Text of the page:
All weekend, Shane Bacon will be out at Congressional, thanks to the fine people at Lexus (buy a Lexus ... and buy Jay one as well!). He will be reporting from the course (on crutches), so check back on both Saturday and Sunday.
BETHESDA, Md. -- Every tournament has a feel. It feels competitive or it feels brutal or it feels exciting or it feels historic. When Tiger Woods did what he did to Augusta National in 1997, every person in the gallery those last three days knew they were witnessing something that might never be seen again. Parents were picking up their kids so they could catch the kid with the swoosh and the swing. Grandparents knew this would be their last big golf memory. Fans couldn't turn away when Tiger was over his golf ball.
At the 1999 Ryder Cup, the same could be said that Sunday, when there was more electricity in the air than at GE.
Walking around Congressional this Friday, the feel wasn't any of those. It was just people confused at exactly what was happening. As Golf Digest's Sam Weinman joked on Twitter, "I'm not a network executive, but I have to think 'This putt, to get within seven' doesn't make for great TV," and he's right. But the difference in what Tiger did at Augusta, and then at Pebble Beach and then at St. Andrews, was that fans knew he was going to win. They knew after that first round in 2000 that this was Tiger's U.S. Open. They knew the same later at that British.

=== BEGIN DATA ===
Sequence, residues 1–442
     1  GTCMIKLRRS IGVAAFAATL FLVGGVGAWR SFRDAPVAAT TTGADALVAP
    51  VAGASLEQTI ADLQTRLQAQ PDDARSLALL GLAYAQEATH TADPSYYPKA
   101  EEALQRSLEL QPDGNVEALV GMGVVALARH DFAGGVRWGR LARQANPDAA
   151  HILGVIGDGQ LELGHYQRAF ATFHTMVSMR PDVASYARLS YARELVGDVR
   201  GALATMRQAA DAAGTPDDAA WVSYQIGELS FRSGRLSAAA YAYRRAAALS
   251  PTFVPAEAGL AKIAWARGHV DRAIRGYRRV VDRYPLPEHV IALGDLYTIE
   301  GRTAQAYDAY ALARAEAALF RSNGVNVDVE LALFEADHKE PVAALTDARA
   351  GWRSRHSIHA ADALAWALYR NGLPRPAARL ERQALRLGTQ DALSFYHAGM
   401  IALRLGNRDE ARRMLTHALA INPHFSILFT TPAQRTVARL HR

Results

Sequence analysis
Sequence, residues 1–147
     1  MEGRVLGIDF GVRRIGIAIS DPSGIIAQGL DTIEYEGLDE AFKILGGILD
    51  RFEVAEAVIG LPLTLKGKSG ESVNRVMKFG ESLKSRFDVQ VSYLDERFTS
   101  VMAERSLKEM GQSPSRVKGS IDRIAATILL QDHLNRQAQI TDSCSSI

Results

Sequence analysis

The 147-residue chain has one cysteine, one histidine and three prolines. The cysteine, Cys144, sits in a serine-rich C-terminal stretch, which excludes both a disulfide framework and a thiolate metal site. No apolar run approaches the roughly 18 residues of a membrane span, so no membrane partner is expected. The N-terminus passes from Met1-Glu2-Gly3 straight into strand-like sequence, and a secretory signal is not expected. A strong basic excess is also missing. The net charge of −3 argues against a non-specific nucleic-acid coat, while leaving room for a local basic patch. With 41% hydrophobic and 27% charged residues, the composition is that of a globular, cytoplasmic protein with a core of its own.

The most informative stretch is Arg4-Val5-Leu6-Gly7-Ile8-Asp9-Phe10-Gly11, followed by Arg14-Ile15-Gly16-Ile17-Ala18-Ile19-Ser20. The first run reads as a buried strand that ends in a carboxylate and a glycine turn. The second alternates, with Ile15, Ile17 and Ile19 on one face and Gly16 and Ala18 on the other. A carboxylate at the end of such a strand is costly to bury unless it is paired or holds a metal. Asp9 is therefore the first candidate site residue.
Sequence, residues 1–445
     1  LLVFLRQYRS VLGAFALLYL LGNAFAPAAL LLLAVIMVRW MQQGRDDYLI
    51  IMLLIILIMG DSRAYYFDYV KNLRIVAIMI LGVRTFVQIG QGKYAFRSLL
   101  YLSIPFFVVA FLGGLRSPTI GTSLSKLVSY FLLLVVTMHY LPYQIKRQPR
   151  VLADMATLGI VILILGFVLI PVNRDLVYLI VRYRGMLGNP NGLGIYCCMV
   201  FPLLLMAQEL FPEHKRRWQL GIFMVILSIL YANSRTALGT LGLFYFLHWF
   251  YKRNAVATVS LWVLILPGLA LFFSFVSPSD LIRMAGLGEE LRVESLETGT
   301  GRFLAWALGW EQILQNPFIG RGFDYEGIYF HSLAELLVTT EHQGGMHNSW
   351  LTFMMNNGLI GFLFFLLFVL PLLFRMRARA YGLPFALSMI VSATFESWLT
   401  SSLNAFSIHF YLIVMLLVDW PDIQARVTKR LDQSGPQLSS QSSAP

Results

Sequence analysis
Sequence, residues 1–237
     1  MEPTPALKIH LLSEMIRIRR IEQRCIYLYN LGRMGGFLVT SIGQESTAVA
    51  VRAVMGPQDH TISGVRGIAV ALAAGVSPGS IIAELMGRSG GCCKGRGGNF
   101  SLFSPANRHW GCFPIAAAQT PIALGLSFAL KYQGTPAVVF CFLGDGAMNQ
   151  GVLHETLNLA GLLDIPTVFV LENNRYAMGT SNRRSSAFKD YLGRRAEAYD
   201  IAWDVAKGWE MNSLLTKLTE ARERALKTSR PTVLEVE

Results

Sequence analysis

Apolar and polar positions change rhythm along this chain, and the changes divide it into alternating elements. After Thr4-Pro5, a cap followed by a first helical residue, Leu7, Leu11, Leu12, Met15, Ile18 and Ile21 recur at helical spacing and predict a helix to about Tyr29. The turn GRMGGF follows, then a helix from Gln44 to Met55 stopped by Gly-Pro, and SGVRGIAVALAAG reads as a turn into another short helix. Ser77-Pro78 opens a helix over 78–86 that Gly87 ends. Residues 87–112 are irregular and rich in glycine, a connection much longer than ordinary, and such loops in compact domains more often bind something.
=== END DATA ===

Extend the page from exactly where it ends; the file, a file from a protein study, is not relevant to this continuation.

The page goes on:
But McIlroy, who interestingly enough made comments earlier this week about LeBron James, might just be the LeBron of this game, because as much as most want him to win (for history, for the game, and for the future), everyone has been here before, and until our mind is changed, people await a collapse.
McIlroy was leading at last year's British and in the hunt at the PGA Championship. Then, of course, came his collapse at the Masters that nobody will let slip their mind as the week continues.
The crowds this afternoon aren't really watching the golfers play the course as much as they're thinking of what's to come tomorrow.
"Can Rory keep it together?" "How many will he be up by?" "How many is enough for McIlroy?"
A win would erase all that doubt, obviously, and it would do to golf what Tiger did in '97. This man would quickly become "the future" because, frankly, he's been standing at that door knocking for a couple of years and just waiting for someone to answer. He nearly got an answer at Quail Hollow a year ago because that win was important, but it wasn't life-changing.
This would be, and it seems everyone knows that.
As fans follow whatever group features a man seven or eight or nine shots back of Rory, they're really only thinking about one name, and for the first time for as long as I can remember major championships, that name isn't Tiger ... it's Rory, and he's played well enough to deserve that respect.
But what if ...